Maybe I had copyright on the brain more than usual, but the ad immediately brought to mind the case Leibovitz v. Paramount. That case was over whether an advertisement for a Naked Gun movie (below, right)—a parody of an Annie Leibovitz portrait of Demi Moore on the cover of Vanity Fair (below, left)—was a fair use.1

Images at issue in Leibovitz v. Paramount

The Second Circuit ruled that yes, the use was fair. The case has become quite influential; along with Campbell v. Acuff-Rose in 1994, it’s one of the clearest citations for the fact that commercial use does not preclude a finding of fair use.

So back to Silicon Valley. The parallels between the two cases should be clear: an advertisement as a parody of an iconic photograph, recreated by a new photographer, but with a more-than-substantial similarity to the original. In fact, not much distinguishes the two cases. I’d expect a copyright claim from Watson to fail, especially if brought in the Second Circuit.

Interestingly, Watson has litigated over the photograph. Almost exactly a year ago, he brought a suit against artist Alex Guofeng Cao and a partner David Datuna for creating “high art” derivative works of the photograph. One, “Steve Jobs vs Neil Armstrong, After Watson,” was part of a gallery show; the other, “Steve Jobs-Ayn Rand,” sold to a collector for over $200,000.

A work’s status as fine art seems sometimes (but not always!) to weigh in favor of a finding of fair use. The Second Circuit ruled mostly in favor of appropriation artist Richard Prince in a major fair use case last year, for example—a ruling that came down just days before Watson filed suit. We won’t know how that factor would have affected the decision in this case, though, because the parties apparently settled last month—March 6.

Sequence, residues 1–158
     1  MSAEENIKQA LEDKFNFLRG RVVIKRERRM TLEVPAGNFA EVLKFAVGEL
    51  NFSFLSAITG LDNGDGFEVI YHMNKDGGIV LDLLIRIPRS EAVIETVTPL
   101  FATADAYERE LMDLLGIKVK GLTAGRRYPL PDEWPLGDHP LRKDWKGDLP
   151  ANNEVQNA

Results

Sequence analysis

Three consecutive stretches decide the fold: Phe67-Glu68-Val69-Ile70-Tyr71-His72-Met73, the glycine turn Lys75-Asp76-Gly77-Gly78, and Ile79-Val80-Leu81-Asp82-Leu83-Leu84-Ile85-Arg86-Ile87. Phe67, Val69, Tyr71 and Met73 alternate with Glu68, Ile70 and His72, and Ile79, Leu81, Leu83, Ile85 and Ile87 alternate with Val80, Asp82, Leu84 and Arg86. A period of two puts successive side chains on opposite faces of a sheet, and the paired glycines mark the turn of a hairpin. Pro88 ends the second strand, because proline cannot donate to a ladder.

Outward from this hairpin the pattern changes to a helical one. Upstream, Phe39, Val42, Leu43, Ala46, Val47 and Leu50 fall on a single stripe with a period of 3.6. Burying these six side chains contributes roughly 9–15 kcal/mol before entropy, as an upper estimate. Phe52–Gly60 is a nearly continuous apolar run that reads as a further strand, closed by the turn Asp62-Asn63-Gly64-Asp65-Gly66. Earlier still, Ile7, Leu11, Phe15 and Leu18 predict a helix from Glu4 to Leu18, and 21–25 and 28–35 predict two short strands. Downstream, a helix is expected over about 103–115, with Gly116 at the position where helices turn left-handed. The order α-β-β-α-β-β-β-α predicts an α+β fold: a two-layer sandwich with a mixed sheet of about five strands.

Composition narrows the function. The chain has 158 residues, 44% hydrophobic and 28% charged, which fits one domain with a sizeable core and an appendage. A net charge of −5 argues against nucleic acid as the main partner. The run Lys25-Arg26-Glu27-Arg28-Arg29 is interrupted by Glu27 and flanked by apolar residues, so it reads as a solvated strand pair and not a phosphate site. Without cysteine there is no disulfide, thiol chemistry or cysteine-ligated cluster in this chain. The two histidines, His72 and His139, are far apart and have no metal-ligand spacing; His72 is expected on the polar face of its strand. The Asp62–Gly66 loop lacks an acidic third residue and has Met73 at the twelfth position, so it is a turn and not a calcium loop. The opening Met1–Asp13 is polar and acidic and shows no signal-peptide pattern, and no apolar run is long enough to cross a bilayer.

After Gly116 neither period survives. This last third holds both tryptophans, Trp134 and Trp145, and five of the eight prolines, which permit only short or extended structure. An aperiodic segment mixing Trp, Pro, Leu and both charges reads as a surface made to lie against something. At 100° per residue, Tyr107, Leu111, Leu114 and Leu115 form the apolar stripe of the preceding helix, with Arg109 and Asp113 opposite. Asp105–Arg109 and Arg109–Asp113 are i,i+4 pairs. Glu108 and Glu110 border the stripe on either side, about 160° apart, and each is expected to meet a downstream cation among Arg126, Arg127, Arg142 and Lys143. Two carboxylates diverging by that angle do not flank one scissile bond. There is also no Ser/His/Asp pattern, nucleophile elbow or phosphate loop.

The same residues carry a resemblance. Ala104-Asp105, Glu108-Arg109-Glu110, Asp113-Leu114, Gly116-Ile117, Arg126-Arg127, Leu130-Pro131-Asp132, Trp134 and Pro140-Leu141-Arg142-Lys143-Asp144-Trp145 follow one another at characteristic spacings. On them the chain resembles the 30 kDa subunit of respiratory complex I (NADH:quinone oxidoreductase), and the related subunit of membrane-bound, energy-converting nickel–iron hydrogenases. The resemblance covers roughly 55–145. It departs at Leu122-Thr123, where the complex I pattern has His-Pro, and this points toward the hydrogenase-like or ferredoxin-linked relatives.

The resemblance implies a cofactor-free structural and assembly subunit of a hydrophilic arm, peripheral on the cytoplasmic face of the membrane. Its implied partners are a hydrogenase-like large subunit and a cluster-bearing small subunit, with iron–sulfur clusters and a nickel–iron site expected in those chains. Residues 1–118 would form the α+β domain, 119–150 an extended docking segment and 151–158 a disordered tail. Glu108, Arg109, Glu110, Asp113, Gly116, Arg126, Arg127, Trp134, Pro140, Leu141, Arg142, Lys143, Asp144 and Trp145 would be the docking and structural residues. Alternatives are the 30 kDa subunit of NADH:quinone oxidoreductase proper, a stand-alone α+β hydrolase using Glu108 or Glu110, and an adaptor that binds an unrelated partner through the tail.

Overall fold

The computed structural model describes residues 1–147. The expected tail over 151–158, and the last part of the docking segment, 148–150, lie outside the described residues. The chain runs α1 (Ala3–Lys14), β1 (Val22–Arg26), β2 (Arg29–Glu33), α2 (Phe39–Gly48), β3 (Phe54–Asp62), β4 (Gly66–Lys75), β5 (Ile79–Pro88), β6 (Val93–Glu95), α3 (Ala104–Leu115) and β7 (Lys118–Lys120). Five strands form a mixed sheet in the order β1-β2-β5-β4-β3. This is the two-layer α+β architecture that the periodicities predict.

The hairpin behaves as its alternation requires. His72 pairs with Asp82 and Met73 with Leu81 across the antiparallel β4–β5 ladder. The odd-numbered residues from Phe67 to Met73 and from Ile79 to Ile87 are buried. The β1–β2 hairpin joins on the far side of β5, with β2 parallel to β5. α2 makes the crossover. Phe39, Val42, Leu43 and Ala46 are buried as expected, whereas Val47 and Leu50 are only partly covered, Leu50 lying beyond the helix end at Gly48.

It’s possible, too, that Silicon Valley has a license with Watson. It’s a hard thing to find out because there doesn’t have to be any public record of the license. That’s one reason why policing copyright on user-generated platforms is much more complex than some copyright maximalists like to make out: it can be impossible to distinguish a lawfully licensed work from an infringing one, and even more complex if fair use is a factor.

Even if the use of the photograph is a definite fair use or licensed, there’s another interesting possible legal obstacle. (I’m not a lawyer, and we’re out on the fringes here, so take this with a grain of salt.) It seems possible that the estate of Steve Jobs could claim the ad infringes his right of publicity. Such a claim in the Ninth Circuit could lean on White v. Samsung, where a majority held that a robot shown in a Samsung ad was too similar to Vanna White. Judge Kozinski’s dissent in this case is an all-time great.

But doesn’t the group of Silicon Valley guys wearing the famous Jobs turtleneck and in his thoughtful pose evoke Jobs’s image just as much as the Samsung robot evokes White’s? In any case, I agree much more with Kozinski’s dissent than the holding in the case. I hope we don’t see such a challenge.

  1. Side note: I don’t remember this magazine cover or movie ad firsthand, but what staying power must the photo have had to be the recognizable target of a parody two years later! Is there any magazine cover in the past decade that is so iconic? []

April Fools’ Day EFFector, 2014

For the third year in a row (see 2012, 2013) I’ve put together the April Fools’ Day edition of EFF’s EFFector newsletter. I feel like the tide has really turned against online April Fools’ jokes, but to my mind this is something different. There’s no trying to trick people, no ha-ha-this-is-the-opposite-of-what-we-normally-do, no lame fake acquisition, just jokes. What’s wrong with jokes?

Newsletter launch: 5 Useful Articles

I’ve launched a new weekly newsletter on copyright, trademark, and patent policy with my friend Sarah Jeong. It’s called 5 Useful Articles, which is a pun.

We announced the newsletter Monday and sent out the first issue on Thursday to some 150 people. We’ve had new subscribers since then without much more promotion, so maybe people are forwarding it around!